Lack of significant discussion of every argument by ITAT not substantial question of law

Lack of significant discussion of every argument by ITAT does not constitute a substantial question of law – High Court upheld revision u/s 263

ABCAUS Case Law Citation:
ABCAUS 3092 (2019) (07) HC

The assessee had appealed under Section 260A of the Income Tax Act, 1961 (the Act) alleging that the ITAT fell into error in not interfering with the order u/s 263 of the Commissioner, who had invoked powers and directed examination of accounts and returns of the assessee for the relevant Assessment Year.

The assessee was dealing inter-alia in commodities and is trading in agricultural produce and for that purpose held stock. His return were selected for scrutiny, pursuant to which, a notice under Section 143(2) and 142(1) was issued.

The AO required the assessee to produce materials in support of its claims. Subsequently the AO issued questionnaire, which was answered by the assessee. After considering the record, the returns were scrutinized under Section 143(3) of the Act.

One of the significant points considered in the assessment was low rate of profit margin declared by the assessee as against increase in total turnover. The assessee explained this apparent anomaly by stating that it incurred expenditure in respect of opening new branches. The assessee also produced its trading account during the course of assessment.

Subsequently, a show-cause notice was issued by the Commissioner under Section 263 of the Act proposing to revise the assessment order as the CIT was of the prima facie opinion that the assessment order was erroneous and prejudicial to the interests of revenue.

The assessee resisted this notice and contended that all relevant materials had been produced and were in fact taken into account by the AO.

However, the Commissioner passed the revisional order u/s 263 setting aside the original assessment order and directing fresh examination of various issues including the four points.

The assessee feeling aggrieved approached the Income Tax Appellate Tribunal and by the impugned order the ITAT had rejected the appeal.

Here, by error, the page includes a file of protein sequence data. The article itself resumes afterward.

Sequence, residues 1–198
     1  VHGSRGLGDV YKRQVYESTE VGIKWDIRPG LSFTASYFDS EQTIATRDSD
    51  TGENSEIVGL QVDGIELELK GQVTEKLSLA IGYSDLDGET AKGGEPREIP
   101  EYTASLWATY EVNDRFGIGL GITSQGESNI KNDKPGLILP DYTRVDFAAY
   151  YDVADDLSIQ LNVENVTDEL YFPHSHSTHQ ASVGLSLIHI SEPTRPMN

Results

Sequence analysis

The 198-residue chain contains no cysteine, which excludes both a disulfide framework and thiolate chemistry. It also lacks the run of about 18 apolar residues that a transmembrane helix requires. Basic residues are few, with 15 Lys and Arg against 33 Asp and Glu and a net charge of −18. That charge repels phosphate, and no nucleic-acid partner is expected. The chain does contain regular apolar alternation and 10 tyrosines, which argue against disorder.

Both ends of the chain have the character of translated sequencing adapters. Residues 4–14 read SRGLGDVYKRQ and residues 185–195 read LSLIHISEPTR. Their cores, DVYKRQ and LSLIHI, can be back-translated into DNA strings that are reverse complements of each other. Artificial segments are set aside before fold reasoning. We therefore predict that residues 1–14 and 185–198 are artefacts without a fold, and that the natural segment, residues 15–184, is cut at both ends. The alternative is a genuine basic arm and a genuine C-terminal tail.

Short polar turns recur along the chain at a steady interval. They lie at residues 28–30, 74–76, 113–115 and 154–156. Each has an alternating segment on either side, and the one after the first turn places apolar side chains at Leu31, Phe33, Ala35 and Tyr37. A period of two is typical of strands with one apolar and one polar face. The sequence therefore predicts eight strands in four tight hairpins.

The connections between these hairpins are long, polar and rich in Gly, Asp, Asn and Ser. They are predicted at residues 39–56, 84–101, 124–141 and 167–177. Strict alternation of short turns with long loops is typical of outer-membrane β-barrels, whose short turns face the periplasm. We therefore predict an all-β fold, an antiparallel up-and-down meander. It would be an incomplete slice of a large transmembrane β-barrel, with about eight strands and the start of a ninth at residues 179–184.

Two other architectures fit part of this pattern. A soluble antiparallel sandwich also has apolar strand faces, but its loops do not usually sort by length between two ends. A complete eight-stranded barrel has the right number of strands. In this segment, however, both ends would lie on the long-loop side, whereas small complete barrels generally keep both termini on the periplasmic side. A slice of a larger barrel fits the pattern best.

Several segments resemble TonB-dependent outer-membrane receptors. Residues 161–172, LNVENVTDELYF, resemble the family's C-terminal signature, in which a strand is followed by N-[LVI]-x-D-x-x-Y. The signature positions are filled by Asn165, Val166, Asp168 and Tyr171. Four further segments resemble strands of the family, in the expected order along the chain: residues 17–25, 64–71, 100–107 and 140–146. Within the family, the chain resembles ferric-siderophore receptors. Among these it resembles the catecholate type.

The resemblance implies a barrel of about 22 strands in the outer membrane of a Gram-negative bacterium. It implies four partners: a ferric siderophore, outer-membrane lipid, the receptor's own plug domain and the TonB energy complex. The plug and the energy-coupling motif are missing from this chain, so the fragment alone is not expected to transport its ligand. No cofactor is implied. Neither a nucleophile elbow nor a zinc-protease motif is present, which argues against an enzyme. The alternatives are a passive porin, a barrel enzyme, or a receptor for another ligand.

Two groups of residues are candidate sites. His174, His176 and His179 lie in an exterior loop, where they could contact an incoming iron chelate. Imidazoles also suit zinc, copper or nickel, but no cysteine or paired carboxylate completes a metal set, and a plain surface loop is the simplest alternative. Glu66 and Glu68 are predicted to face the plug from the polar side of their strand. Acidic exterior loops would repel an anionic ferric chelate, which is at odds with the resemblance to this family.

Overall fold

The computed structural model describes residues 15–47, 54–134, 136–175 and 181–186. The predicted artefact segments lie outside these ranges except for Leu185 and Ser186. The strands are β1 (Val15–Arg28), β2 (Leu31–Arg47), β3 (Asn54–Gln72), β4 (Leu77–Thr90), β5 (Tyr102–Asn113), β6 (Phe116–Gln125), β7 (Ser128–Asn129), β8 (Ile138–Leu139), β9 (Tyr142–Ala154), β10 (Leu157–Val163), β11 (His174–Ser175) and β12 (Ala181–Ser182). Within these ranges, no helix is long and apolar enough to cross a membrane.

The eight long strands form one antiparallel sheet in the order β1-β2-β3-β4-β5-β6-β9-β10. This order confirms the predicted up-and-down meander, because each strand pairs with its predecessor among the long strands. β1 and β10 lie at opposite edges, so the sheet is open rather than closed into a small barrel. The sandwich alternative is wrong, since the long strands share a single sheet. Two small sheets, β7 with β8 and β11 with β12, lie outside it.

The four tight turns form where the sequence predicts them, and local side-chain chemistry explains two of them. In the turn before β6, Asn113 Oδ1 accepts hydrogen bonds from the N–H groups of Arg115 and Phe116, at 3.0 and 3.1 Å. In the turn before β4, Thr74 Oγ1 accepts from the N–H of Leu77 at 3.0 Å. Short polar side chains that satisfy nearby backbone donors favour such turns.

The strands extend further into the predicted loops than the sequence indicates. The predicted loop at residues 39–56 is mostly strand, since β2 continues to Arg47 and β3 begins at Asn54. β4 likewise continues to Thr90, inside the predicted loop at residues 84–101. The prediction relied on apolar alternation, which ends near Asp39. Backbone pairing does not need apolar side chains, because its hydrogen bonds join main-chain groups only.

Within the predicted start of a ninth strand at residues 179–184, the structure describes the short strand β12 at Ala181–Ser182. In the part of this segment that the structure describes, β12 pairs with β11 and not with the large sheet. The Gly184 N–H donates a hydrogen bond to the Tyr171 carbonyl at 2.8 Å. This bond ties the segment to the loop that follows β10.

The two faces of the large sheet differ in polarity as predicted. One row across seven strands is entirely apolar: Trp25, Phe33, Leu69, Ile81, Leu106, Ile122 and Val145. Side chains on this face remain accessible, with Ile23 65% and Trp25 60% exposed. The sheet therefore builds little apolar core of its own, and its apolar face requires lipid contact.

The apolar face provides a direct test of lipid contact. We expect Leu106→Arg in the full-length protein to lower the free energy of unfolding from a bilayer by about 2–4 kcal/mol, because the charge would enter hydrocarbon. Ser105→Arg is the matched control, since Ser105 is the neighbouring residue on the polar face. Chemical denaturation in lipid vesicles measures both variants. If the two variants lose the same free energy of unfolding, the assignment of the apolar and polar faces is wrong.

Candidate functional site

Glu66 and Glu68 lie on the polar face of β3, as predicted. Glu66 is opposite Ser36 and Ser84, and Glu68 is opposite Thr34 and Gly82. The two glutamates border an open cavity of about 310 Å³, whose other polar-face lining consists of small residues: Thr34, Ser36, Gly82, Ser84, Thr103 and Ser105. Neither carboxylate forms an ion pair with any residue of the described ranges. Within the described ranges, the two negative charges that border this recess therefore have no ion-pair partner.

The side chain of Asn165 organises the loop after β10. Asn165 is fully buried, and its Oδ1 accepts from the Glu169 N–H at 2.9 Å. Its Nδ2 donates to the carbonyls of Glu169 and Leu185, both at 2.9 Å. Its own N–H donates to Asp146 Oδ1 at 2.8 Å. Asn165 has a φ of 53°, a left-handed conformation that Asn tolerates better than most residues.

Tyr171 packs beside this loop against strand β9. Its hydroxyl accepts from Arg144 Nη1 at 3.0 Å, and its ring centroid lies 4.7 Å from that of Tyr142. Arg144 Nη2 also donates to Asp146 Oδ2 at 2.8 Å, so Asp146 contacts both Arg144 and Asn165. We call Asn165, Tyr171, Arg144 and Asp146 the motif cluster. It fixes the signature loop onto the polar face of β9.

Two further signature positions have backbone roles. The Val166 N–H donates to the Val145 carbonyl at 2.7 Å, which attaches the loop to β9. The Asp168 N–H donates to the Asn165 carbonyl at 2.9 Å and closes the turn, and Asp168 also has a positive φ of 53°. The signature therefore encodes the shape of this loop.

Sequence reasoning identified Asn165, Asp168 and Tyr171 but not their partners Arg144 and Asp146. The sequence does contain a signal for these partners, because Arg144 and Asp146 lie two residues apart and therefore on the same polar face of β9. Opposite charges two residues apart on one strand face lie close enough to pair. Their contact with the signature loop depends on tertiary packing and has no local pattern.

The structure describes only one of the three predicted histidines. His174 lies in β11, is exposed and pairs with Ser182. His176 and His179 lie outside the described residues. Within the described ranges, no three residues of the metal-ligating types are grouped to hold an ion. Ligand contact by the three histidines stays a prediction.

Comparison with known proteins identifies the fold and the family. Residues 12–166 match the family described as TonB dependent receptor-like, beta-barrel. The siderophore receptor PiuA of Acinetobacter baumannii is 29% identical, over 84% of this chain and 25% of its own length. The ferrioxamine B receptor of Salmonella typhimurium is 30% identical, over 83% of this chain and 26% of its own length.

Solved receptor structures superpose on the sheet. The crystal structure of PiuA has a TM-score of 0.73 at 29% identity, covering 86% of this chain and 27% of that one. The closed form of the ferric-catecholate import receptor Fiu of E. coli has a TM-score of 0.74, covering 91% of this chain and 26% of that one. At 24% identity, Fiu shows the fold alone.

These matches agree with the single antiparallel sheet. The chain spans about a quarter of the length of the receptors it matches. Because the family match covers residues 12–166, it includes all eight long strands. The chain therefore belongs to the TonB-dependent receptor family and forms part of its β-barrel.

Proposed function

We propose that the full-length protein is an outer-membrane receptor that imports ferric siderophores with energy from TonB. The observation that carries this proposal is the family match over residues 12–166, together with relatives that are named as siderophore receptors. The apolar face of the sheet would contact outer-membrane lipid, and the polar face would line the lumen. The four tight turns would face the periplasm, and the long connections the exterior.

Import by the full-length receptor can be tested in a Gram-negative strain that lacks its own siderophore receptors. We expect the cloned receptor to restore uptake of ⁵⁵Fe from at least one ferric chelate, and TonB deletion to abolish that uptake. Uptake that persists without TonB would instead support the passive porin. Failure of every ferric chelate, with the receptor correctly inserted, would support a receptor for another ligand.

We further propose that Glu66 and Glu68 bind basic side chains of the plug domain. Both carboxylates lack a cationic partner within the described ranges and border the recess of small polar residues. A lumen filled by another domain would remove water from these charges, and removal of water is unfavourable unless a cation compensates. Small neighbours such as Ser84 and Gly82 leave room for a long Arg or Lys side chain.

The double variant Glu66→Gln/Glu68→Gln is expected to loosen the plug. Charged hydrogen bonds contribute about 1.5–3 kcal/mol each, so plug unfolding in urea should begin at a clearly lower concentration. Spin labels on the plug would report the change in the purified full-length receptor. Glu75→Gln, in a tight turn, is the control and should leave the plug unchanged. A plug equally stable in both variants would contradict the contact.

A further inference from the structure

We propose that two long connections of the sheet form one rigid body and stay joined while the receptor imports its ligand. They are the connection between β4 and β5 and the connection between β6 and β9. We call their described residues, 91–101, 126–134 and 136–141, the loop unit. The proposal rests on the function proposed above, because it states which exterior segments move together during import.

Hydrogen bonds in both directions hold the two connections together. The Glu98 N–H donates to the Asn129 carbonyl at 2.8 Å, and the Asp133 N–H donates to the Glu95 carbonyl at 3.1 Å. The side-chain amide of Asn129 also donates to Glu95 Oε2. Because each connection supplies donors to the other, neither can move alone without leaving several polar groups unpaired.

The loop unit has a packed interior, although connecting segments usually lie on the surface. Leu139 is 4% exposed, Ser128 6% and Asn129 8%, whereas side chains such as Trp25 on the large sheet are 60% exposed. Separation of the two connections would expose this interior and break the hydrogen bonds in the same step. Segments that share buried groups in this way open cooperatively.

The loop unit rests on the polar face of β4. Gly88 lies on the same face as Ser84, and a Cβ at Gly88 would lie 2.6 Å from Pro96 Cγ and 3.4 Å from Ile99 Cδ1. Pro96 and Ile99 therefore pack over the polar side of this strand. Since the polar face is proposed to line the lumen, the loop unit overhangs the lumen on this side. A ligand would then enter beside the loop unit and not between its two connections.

Before the Hon’ble High Court, the assessee contended that the ITAT fell into error in not noticing the contentions urged and even in recording the assessee’s submission on merits. It was submitted that both the revisional order and the impugned order were erroneous inasmuch as they proceed on assumptions.

It was argued furthermore that there was a legal compulsion to record every contention made, notice and summarize every document produced in relation to any return to show that the issue had received consideration and due application of mind. Even a single line inferring the reason was sufficient. It was submitted, therefore, the revisional order could not be sustained.

The Hon’ble High Court observed that the Assessing Officer, it was apparent did not dealt with the issue expressly at all. The Commissioner had noticed that the assessee’s claim was facially not even gone into, the assessment record did not suggest that the issue of shortage was even raised by the AO or the same was explained by the assessee.

The Hon’ble High Court opined that in view of the reasons specifically recorded by the CIT (Appeals), the directions issued under Section 263 of the Act were warranted.

The Hon’ble High Court also opined that the lack of significant discussion of every argument by the ITAT does not constitute a substantial question of law.

The appeal was accordingly dismissed

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